Information Science as a Field
Tuesday, 26 June 2018
Today we will discuss the history of the field of information science and the paradigms of information behavior and interactions research.
- Bates, M.J. (1999). The invisible substrate of information science. Journal of the American Society for Information Science, 50(12), 1043-1050. http://dx.doi.org/10.1002/(SICI)1097-4571(1999)50:12%3C1043::AID-ASI1%3E3.0.CO;2-X/pdf
- In this article, Bates discusses the "below-the-water-line" portion of information science. While she focuses more of her attention on the content/information of concern, she does include human-information interactions among her "Three Big Questions" in information science. Read through this article quickly, to get an overview of the field as background for the semester.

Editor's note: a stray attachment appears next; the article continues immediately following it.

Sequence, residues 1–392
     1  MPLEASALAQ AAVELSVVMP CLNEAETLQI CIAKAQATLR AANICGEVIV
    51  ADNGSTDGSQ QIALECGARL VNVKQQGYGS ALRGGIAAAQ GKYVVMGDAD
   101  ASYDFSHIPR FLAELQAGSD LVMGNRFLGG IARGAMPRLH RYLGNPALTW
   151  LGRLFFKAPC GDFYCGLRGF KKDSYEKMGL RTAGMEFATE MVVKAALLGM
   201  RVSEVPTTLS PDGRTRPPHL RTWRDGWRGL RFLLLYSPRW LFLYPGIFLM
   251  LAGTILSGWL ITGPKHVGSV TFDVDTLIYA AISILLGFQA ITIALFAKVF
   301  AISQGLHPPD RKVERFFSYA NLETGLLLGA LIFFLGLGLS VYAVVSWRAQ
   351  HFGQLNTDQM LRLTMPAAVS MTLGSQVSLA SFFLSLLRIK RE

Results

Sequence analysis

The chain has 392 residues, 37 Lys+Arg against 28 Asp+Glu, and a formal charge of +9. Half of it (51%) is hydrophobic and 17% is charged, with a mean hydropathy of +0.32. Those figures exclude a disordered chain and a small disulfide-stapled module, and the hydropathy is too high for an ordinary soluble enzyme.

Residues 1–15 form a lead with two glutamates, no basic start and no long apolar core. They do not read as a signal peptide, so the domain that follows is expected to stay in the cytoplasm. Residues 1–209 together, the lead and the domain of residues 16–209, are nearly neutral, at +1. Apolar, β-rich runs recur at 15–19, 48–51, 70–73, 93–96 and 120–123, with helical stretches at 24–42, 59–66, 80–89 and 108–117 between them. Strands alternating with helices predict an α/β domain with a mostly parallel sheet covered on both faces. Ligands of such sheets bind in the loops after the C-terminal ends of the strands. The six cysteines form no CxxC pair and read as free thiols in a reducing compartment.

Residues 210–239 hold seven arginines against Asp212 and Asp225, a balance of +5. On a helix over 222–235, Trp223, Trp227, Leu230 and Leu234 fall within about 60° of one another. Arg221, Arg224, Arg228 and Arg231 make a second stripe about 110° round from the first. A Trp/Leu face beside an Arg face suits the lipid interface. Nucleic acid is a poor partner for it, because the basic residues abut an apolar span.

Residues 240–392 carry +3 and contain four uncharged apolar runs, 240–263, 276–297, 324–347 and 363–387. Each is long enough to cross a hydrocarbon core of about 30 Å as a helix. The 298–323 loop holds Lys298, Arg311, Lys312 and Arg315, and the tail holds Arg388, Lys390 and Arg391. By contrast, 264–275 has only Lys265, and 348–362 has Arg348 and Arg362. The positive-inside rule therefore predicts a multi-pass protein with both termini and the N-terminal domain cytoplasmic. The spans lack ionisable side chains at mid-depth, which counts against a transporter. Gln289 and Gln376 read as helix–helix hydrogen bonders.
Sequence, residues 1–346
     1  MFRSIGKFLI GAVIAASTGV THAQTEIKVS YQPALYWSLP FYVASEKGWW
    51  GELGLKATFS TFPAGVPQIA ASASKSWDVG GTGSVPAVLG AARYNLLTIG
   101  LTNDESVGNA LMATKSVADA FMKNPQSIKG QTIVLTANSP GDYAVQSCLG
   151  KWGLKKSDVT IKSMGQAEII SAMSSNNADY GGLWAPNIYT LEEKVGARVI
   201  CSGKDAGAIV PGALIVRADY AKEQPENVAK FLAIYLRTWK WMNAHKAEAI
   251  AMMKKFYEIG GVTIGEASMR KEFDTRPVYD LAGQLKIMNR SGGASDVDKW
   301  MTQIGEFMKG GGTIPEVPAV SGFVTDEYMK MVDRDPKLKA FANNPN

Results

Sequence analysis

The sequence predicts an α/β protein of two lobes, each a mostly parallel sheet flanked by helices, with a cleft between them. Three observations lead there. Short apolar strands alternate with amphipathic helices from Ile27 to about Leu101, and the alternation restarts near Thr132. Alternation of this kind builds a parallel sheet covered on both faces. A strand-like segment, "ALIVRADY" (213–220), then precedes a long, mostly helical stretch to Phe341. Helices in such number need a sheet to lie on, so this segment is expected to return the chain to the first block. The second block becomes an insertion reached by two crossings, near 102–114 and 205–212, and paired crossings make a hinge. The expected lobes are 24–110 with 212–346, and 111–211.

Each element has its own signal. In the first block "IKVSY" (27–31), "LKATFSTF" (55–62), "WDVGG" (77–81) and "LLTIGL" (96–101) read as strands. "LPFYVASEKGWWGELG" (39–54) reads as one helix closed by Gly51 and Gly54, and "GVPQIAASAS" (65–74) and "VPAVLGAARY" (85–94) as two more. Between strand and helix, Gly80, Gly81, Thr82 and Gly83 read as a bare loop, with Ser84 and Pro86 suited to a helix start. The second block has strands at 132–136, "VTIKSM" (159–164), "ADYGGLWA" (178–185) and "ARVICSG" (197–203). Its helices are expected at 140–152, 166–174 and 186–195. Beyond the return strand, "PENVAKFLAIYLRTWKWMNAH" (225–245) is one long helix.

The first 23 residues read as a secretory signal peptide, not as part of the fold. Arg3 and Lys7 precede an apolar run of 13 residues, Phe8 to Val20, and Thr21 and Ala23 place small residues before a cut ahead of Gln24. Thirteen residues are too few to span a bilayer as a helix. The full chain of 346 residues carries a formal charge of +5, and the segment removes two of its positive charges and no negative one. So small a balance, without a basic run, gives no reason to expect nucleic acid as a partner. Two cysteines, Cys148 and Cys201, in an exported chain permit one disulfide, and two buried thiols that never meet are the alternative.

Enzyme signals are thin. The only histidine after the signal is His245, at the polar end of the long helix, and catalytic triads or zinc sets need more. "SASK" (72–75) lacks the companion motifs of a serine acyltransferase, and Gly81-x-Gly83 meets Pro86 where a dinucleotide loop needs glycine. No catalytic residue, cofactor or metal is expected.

- Marchionini, G. (2008). Human-information interaction research and development. Library & Information Science Research, 30(3), 165-174. http://dx.doi.org/10.1016/j.lisr.2008.07.001
- Marchionini focuses more directly on the scope of this course than Bates does in her article. Focus special attention on sections 2 and 6.
- Wildemuth, B.M., & Case, D.O. (2010). Early information behavior research. Bulletin of the American Society for Information Science & Technology, 36(3), 35-38. http://www.asis.org/Bulletin/Feb-10/FebMar10_Wildemuth_Case.pdf
- This article was written as part of the 10th anniversary celebration of the Special Interest Group on Information Needs, Seeking, and Use of the American Society for Information Science & Technology (SIG-USE of ASIS&T). It provides a brief historical overview of the general directions taken in information behavior research.